Figure 2. Two aspherical lenses are placed so that their back focal points coincide. The first object placed  at infinity is imaged into an infinite image through the lenses (blue rays). The second finite object is placed at the forward focal point of the first lens. The image is conjugated with the back focal point of the second lens (green rays)

Advantages and Limitations of 4f Optical Systems

4f optical systems present distinct advantages and limitations across various applications. One notable strength lies in their ability to achieve precise optical transformations. The configuration of two lenses and the Fourier plane allows for a 1:1 relay, enabling clear and detailed imaging. The Fourier plane’s versatility permits the strategic use of masks for tailored image processing, a valuable asset in fields such as pattern recognition and signal processing.

However, these systems are not without their limitations. One notable drawback is sensitivity to misalignments. Achieving and maintaining precise alignment between the lenses is crucial for optimal performance. Additionally, the inherent magnification characteristics can be a limitation in certain applications where a different magnification factor is desired. The optical complexity of 4f systems may also pose challenges in terms of system design and integration, potentially limiting their widespread adoption in certain practical scenarios.

In conclusion, the strengths of 4f optical systems lie in their precision and versatility, particularly in image processing applications. Nevertheless, careful consideration of alignment challenges and potential limitations is essential for their effective deployment in various scenarios.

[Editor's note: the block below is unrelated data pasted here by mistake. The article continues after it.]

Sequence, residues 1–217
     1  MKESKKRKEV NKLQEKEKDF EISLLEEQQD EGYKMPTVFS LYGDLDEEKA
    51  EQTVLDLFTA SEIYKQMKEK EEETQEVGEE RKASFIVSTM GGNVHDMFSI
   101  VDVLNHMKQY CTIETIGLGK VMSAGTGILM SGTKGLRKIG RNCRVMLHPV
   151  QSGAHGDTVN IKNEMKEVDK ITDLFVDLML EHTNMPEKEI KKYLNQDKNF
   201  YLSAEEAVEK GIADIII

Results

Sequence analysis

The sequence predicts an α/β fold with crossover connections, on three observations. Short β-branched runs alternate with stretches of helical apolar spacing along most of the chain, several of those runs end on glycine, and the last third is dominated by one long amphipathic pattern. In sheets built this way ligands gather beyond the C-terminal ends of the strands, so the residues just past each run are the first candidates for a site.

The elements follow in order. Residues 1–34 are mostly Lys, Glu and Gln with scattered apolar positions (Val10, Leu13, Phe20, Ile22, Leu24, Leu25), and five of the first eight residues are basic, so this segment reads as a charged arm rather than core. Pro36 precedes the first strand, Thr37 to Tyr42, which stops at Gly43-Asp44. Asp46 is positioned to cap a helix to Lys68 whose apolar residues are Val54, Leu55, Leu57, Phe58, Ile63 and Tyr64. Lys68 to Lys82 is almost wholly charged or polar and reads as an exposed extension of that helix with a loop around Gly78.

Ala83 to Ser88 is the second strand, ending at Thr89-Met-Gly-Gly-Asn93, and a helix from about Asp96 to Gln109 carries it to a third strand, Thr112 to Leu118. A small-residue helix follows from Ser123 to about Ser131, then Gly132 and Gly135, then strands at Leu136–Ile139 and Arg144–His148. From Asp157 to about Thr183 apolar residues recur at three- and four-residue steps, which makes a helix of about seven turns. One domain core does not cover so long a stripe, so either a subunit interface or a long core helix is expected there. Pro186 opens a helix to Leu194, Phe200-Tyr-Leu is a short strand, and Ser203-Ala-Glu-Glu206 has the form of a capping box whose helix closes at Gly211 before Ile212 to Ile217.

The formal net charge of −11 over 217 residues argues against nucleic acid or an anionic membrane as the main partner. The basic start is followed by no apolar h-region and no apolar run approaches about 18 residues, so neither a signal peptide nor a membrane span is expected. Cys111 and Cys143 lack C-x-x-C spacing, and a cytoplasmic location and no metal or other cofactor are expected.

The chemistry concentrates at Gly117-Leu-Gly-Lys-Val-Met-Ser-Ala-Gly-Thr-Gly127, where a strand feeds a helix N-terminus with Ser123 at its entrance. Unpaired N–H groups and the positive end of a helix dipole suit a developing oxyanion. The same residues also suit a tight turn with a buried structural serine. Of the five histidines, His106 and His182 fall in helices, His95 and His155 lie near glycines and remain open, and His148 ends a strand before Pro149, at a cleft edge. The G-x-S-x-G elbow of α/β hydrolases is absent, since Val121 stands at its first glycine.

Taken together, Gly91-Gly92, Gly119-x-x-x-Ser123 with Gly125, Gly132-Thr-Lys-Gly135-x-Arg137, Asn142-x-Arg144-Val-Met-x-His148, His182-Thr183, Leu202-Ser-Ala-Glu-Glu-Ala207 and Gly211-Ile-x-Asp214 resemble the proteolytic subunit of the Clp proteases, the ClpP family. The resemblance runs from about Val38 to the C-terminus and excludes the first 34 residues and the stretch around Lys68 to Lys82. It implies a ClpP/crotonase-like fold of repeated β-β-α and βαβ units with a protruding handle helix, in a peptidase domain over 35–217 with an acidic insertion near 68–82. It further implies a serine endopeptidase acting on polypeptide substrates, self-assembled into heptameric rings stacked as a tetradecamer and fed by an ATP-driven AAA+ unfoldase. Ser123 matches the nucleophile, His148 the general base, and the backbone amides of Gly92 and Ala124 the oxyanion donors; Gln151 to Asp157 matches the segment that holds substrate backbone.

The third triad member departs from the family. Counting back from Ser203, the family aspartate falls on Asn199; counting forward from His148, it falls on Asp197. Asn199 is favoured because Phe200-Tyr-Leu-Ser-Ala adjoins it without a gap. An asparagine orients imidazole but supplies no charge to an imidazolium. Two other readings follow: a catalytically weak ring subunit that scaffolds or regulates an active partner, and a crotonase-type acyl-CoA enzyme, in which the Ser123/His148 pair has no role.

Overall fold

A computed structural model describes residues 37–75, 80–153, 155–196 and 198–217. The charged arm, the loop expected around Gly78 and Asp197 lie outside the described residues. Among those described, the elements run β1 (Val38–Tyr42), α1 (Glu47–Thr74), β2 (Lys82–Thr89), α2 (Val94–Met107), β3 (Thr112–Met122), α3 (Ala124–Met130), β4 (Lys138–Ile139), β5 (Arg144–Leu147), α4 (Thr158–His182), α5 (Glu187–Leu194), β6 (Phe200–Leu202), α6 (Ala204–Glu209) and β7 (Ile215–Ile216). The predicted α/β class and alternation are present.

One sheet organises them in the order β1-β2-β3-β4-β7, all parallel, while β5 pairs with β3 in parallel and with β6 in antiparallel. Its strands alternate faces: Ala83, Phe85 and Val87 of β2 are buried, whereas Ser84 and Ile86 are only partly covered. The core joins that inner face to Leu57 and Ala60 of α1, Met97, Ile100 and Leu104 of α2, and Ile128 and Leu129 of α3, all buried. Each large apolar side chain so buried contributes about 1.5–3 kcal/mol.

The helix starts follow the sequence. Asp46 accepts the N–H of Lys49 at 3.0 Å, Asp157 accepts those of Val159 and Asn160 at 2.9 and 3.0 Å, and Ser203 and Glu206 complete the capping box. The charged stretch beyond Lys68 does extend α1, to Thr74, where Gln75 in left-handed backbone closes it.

Exploring the 4f correlator and its Fourier plane demystifies an optical relay system utilizing two lenses to shape light. The magnification dynamics, central to this setup, emphasize the importance of matching focal lengths for a 1:1 relay. Venturing into the Fourier plane reveals a space where masks of diverse shapes and opacities provide engineers a versatile toolkit for precise control over image components, reminiscent of a diffraction pattern. This dynamic interplay in optics offers nuanced solutions, from eliminating high-frequency elements to customizing optical outputs. Understanding these principles opens avenues for harnessing precision and innovation, propelling optical engineering into new realms of clarity and functionality.

FAQ Section

What exactly is a 4f optical system?

A 4f optical system is a configuration in optics that uses two lenses to perform Fourier transformation on an image. This setup allows for various image processing techniques, including filtering and pattern recognition.

How does a 4f system apply Fourier optics in practical applications?

In practical terms, a 4f system uses the principles of Fourier optics to transform an image into its frequency components, enabling targeted manipulation like noise reduction or feature enhancement. This is useful in fields like signal processing and medical imaging.

Can 4f optical systems be customized for specific needs?

Yes, 4f optical systems can be tailored for specific applications by adjusting components like the focal length of lenses and the types of masks used in the Fourier plane, allowing for a wide range of customized solutions.